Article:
I suppose it comes down to a priority issue. Which is the greater value: Re-watching a film you love and treasure as much as anyone or anything on this earth on glorious criterion blu… Let’s say Kieslowski’s Three Colors: Blue for example…. Or would you rather experience the joy of “discovering a gem”, some presumed under-viewed and under-appreciated film?

I too enjoy this thrill of discovery, finding films like Lucile Hadzihalilovic’s Innocence make watching all the garbage worth it. But If I had to choose for a criterion blu; Innocence, or Blue…. I’d take Blue every time and it is not close.

Good thing Criterion caters to both tastes, no?

Mike Spence

over 3 years ago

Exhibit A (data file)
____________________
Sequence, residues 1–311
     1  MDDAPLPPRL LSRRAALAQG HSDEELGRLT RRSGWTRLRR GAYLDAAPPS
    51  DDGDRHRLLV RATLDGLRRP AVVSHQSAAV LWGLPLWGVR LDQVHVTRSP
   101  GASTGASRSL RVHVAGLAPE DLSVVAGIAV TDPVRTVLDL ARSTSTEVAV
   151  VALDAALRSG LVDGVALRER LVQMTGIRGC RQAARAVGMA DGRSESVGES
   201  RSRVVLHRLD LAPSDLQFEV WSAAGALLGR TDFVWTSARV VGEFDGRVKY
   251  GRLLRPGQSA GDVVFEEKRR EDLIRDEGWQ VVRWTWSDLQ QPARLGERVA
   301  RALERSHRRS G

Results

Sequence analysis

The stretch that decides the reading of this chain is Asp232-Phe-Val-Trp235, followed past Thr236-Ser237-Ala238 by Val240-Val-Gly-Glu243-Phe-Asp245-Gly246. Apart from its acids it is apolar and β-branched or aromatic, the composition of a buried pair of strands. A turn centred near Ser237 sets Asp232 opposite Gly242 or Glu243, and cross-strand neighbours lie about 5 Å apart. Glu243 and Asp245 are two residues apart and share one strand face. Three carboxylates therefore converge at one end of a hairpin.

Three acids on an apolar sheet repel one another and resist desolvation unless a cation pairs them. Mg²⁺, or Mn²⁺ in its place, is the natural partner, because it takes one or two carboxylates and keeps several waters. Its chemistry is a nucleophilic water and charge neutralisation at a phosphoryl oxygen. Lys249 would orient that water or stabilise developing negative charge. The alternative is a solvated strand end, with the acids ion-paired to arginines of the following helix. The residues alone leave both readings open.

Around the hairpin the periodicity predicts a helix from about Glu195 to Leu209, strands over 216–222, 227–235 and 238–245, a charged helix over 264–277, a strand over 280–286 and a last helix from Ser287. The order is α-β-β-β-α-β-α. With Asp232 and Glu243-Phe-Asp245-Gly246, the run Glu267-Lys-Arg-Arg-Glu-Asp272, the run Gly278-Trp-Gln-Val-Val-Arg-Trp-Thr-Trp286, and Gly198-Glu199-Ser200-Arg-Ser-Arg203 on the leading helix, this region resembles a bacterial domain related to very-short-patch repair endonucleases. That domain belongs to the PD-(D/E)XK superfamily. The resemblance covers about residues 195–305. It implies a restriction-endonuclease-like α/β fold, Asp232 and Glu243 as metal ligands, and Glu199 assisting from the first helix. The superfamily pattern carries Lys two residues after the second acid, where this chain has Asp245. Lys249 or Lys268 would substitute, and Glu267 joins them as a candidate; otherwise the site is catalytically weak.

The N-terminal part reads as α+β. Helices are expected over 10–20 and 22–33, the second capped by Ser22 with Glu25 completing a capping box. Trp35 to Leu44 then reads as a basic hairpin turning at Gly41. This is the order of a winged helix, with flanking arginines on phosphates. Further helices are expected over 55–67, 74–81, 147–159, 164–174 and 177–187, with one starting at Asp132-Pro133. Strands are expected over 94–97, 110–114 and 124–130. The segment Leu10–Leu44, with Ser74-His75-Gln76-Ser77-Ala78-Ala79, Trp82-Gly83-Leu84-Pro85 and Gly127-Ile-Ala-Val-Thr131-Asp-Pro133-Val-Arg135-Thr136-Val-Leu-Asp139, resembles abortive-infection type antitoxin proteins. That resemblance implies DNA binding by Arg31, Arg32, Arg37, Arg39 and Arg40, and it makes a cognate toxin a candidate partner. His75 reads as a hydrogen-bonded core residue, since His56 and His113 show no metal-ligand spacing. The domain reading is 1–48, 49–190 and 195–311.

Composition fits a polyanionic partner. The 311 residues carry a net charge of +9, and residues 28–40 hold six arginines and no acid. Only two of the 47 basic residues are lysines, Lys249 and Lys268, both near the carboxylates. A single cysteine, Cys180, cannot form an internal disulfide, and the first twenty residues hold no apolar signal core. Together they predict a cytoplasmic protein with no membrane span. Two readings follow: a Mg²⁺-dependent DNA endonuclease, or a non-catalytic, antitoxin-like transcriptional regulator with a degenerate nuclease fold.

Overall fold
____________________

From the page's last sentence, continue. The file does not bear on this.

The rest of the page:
Which is the greater value: Re-watching a film you love and treasure as much as anyone or anything on this earth on glorious criterion blu… Let’s say Kieslowski’s Three Colors: Blue for example…. Or would you rather experience the joy of “discovering a gem”, some presumed under-viewed and under-appreciated film?

Well, I am not saying everyone needs to explore every obscure film in the vain hopes of finding masterpieces that equal the ones they are already familiar with. I feel this is kind of a waste of time. I think it’s better to try to truly understand the great films you know, rather than trying to see 10,000 new films a year.